In popular culture, the word "spinoff" usually refers to a television show whose main characters originated from an already established show (think Trapper John M.D.). But the word applies to the business world, too. Here it describes a division or subsidiary of a company being sold off to a buyer as a separate entity.
The process is hardly simple, and if not done properly, can fail (think AfterMASH). As a seller, you need to not only get a good price for your division or subsidiary, but also minimize any negative impact on your remaining holdings.
Many factors can drive a company to spin off a division. Common reasons include:
- Seizing an opportunity in the M&A marketplace
- Focusing better on the core business
- Accessing capital for reinvestment
- Operating more efficiently
Spinoffs are usually executed more quickly than full-blown business sales, which can be appealing. Also, in consolidated industries with limited buyer pools, management may worry that a full sale would raise red flags with antitrust authorities.
If it's a standalone subsidiary being sold, the spinoff will likely be relatively easy. The unit is already legally separate from its parent and probably won't have much overlap with its parent's operations.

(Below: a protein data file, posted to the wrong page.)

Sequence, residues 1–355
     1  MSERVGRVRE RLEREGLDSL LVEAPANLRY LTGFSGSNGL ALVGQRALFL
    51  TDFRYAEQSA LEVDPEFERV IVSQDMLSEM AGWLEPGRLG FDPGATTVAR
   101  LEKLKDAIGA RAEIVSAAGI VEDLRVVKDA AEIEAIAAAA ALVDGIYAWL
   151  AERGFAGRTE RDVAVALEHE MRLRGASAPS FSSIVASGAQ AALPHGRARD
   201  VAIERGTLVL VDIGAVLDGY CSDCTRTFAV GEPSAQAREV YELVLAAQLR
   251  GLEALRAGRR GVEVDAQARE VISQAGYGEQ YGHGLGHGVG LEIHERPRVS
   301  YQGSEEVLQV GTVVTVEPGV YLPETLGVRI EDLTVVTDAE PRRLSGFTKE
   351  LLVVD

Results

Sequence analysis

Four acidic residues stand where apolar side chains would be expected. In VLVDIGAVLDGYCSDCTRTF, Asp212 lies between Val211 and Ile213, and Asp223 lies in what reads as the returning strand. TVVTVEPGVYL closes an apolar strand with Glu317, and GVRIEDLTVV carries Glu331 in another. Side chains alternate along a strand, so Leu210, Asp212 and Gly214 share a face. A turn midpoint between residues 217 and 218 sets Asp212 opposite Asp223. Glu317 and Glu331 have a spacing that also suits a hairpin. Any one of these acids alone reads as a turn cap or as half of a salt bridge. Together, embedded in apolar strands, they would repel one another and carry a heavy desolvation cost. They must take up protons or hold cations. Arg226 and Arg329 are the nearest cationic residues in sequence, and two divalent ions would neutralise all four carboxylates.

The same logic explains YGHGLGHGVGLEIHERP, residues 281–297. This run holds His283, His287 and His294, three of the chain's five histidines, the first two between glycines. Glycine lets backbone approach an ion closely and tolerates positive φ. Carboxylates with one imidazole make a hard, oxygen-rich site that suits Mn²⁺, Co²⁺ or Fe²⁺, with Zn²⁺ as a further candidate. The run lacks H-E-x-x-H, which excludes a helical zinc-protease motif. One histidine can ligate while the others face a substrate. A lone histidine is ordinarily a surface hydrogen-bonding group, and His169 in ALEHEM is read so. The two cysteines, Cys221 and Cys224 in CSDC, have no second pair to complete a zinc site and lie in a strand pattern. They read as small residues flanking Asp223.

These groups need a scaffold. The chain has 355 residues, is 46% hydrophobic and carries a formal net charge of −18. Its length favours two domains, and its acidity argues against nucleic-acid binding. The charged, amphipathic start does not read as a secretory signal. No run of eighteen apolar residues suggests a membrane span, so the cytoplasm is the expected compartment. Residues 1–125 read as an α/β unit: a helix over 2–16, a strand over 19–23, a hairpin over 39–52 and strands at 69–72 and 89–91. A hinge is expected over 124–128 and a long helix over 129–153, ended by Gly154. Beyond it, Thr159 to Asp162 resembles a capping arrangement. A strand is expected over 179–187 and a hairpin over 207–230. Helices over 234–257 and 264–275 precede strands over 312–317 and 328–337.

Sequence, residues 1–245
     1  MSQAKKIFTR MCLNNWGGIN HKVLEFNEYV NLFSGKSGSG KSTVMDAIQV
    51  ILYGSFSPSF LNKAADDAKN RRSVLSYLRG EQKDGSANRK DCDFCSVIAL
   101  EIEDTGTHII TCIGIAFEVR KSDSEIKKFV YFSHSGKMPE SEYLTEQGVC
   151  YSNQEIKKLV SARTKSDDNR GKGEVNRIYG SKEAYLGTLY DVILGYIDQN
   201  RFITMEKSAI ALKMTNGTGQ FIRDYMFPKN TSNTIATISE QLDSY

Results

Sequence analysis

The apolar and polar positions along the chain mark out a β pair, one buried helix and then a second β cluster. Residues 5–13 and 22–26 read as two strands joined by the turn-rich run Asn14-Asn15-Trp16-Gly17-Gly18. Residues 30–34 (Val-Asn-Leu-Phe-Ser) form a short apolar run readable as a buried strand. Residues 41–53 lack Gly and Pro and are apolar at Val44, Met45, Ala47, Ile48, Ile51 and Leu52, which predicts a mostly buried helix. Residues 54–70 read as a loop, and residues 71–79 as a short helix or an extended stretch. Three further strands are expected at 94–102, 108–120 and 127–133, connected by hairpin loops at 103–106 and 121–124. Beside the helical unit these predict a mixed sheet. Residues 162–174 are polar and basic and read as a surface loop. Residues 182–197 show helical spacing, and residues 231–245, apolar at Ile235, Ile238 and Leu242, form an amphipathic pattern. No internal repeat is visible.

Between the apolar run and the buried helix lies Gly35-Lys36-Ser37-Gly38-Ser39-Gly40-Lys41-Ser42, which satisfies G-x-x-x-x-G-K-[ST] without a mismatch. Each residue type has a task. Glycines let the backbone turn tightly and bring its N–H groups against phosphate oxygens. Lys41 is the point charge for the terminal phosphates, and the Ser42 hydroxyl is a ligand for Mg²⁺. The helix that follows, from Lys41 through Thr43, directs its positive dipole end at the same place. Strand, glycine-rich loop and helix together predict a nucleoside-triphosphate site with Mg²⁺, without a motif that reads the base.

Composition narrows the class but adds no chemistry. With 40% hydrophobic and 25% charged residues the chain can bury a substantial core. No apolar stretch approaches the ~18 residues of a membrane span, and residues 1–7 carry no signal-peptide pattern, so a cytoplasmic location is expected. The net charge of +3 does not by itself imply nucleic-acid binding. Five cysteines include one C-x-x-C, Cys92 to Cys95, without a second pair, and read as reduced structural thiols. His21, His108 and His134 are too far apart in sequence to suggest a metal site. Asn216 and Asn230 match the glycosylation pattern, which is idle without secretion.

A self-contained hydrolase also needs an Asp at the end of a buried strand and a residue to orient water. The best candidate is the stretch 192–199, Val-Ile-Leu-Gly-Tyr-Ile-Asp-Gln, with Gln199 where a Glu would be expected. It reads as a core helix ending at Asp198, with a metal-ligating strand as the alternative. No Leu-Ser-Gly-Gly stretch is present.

More challenging is spinning off an internal division - also known as a "carveout." Here, the seller has to determine which of its employees, clients, and product lines will be included in the carved-out division. The seller also must legally extricate the division's assets, debts, and liabilities from those of the parent company.
Because a company must decide which employees, products, and property belong with the selling division, battles over ownership of certain assets are possible. For example, if the careveout and a unit that's remaining with the parent company both rely on the same exclusive intellectual property, who retains ownership post-sale?
The spinoff can be accomplished on a tax free basis if certain conditions are met. These conditions include operating the entity being spun off as a separate trade or business for the previous five years and not telling the entity for two years following the spinoff transaction.
Is your company looking to streamline operations? Could it use the cash from selling a strong division? If so, a spinoff is worth considering. But you'll need to think through the strategy thoroughly and execute the deal carefully. Let our Transaction Services advisors guide you through the process.